In The Beginning was the Sea by Tomás González

I’m not sure what to make of In the Beginning was the Sea. ‘She was the spirit of that which was to come and she was thought and memory’ says the Epigraph from Kogi Cosmology. Is it possible to have memory before anything else?

The novel begins when two rich Colombians, J. and Elena, decide to lead an alternative life on a Caribbean island just off the Colombian shores mostly populated by fishermen and farmhands.

They buy a finca (a farm) with cattle, wood and crops and whilst Elena resents the attentions of the locals who stare at her young, butternut skin – she assumes them ignorant – J. has no difficultly in seeing the people of the island as people just like himself and he is well-liked by the villagers.

But J. and Elena are a tempestuous couple. The heat drags them down. They drown in the waters of the sea, their sweat and aguardiente. Were they ever really cut out for this life of sea sand and nature?

I enjoyed the heat of this novel that set fire and languor against each other, but the ending seemed to offer no clear meaning or trajectory. True, life can be full of surprises, but I wasn’t sure what I was meant to understand from an ending that has the definitive hallmark either of a writer just learning his craft and seeking the easiest means to an ending at a creator’s disposal, or of autobiography. The elegance of the ambiance created by Tomás González, the excellent depiction of these two characters and their differences, their unfulfilled passions and ambitions, seemed to me to be at odds with the narrative arc, but perhaps I was meant to leave the novel with a sense that meaning is a futile pursuit.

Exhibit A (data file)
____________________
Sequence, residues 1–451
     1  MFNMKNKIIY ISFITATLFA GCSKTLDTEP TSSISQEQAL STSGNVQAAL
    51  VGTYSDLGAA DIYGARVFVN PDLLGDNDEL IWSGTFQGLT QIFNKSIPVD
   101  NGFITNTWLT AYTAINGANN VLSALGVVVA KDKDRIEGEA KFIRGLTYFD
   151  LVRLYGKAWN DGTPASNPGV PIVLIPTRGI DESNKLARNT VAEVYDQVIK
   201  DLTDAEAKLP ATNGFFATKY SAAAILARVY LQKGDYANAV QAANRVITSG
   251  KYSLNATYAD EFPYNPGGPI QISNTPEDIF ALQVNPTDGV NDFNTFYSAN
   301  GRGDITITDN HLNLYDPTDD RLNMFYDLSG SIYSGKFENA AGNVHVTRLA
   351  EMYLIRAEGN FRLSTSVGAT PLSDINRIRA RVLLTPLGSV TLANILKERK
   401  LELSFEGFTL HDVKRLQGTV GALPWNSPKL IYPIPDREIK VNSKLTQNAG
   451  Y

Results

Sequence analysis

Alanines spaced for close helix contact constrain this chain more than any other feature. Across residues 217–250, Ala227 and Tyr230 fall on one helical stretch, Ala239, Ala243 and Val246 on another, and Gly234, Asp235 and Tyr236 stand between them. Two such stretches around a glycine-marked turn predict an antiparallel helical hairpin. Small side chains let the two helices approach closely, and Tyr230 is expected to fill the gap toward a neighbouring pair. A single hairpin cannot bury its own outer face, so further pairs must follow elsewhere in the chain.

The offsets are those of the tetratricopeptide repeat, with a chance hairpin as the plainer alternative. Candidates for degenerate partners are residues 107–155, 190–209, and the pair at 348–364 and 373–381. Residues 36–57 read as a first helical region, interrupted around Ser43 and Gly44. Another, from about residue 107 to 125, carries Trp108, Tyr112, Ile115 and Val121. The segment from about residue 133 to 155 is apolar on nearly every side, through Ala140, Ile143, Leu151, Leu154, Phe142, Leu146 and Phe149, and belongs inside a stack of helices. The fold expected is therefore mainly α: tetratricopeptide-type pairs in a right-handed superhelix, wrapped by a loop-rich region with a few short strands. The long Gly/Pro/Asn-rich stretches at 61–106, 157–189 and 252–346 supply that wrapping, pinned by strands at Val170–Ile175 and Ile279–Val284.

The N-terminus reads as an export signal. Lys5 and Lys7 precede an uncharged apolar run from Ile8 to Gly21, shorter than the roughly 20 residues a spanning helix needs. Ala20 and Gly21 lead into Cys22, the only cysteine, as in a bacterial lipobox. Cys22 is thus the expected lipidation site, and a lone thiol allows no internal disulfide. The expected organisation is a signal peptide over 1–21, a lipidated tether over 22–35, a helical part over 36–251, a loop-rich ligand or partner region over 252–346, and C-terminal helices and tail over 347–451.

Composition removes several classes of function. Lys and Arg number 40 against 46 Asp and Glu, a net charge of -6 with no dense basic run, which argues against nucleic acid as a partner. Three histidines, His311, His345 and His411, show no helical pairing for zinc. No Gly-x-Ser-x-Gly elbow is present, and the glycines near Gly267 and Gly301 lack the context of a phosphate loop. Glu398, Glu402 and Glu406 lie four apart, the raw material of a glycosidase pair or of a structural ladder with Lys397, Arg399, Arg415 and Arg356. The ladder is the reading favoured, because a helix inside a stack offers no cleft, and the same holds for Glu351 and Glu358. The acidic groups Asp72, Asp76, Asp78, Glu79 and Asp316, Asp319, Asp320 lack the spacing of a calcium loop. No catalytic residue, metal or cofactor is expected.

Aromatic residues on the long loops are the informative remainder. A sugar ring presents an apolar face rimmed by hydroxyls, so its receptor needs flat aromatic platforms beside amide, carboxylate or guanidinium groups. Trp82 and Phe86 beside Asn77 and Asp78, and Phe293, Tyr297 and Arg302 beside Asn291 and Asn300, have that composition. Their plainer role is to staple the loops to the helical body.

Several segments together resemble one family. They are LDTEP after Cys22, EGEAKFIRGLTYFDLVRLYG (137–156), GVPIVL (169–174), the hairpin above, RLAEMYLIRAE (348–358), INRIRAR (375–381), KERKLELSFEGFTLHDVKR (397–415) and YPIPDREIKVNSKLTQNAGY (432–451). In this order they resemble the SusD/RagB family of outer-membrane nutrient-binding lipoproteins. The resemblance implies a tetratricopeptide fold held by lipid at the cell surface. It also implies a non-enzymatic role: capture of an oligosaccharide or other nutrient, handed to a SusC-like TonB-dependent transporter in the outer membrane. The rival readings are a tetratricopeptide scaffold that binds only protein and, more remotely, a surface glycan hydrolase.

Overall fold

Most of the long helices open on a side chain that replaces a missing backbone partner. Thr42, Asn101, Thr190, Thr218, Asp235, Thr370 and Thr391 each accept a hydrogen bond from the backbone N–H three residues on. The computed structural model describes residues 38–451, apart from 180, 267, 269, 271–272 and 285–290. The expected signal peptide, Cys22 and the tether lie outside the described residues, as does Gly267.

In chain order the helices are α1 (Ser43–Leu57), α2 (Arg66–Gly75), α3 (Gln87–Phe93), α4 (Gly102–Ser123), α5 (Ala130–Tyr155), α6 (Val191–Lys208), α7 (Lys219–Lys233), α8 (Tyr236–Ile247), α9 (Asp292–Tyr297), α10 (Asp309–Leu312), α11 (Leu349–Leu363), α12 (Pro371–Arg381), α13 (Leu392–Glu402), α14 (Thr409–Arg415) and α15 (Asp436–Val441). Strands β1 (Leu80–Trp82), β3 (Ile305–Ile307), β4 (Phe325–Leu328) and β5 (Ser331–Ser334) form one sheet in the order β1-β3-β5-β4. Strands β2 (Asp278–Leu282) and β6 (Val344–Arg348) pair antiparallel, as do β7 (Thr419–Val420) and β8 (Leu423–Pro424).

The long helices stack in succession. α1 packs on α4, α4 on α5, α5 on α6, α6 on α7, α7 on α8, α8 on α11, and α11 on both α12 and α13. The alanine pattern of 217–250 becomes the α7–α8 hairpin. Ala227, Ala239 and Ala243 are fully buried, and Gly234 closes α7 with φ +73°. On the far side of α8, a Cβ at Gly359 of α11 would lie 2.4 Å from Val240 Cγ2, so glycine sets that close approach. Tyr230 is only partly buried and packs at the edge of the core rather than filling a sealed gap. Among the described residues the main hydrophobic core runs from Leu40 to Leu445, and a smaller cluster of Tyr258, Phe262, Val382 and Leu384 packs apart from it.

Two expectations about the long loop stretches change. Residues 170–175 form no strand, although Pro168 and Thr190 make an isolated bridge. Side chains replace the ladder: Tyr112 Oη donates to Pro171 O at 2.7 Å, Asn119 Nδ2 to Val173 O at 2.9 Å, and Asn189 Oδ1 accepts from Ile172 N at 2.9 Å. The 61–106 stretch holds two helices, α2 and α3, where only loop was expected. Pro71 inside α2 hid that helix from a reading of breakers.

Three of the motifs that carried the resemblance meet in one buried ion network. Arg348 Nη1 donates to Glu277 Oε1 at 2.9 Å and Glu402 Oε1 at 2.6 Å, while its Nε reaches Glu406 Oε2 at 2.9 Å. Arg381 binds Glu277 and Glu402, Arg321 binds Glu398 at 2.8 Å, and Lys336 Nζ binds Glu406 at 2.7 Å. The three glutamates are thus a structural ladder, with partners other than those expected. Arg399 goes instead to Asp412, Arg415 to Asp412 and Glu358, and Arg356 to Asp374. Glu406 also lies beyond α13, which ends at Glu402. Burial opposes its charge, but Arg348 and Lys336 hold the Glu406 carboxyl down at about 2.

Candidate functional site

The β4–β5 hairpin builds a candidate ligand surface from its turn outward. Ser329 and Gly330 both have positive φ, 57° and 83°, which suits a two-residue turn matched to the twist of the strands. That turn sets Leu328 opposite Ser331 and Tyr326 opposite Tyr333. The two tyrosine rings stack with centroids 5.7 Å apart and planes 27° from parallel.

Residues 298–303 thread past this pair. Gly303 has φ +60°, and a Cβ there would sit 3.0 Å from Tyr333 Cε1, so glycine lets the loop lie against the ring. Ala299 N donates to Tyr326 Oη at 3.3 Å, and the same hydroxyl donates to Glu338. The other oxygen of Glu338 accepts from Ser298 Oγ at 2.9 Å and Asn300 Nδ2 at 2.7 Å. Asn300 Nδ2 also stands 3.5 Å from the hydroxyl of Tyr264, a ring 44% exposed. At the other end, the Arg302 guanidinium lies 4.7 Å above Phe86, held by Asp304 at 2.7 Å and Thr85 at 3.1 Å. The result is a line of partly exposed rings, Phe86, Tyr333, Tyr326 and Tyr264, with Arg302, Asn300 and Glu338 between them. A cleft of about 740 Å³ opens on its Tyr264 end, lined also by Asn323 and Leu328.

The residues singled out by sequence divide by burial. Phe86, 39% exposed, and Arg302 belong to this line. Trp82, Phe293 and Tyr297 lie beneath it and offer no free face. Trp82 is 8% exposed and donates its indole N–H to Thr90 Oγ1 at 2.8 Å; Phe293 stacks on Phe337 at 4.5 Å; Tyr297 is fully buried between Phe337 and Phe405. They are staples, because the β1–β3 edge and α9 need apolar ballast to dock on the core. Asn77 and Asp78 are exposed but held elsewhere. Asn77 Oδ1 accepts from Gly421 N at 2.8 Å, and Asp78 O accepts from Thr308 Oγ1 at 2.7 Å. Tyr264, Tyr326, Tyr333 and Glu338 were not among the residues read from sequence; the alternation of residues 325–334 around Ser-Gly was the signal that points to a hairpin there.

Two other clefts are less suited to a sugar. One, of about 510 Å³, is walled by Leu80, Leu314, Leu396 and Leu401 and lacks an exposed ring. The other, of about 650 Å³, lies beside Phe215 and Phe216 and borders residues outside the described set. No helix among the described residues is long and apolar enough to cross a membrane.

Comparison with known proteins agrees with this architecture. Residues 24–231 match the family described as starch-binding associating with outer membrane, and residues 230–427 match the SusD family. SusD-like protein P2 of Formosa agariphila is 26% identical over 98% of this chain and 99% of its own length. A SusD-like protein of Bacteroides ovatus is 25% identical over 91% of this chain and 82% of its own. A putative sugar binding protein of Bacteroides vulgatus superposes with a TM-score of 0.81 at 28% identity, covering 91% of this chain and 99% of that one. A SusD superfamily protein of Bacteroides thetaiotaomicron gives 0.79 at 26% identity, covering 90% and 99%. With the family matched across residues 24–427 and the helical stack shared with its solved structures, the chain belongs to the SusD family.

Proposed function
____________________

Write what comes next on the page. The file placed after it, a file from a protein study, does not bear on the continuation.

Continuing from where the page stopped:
I definitely enjoyed In the Beginning was the Sea and I would recommend it to those interested in reading about how rich people unintentionally fritter their opportunities and in so doing knowingly waste the life under their care. The atmosphere is beautifully rendered. The relationships painfully believable. Perhaps, though, my dissatisfaction lies in my feeling that it all ends too soon. And though I wanted more, such forays into foreign parts with no training or local knowledge, merely the sense of entitlement, often do end too soon.

If you like the idea of spending time in a beach house with waves lapping a perfectly sandy beach, if you like the idea of stranded characters living with limited space, money, goods and people, you will relish In the Beginning was the Sea. Certainly it lingers on the taste buds of the mind.

Next week I’m reading Persepolis by Marjane Satrapi.

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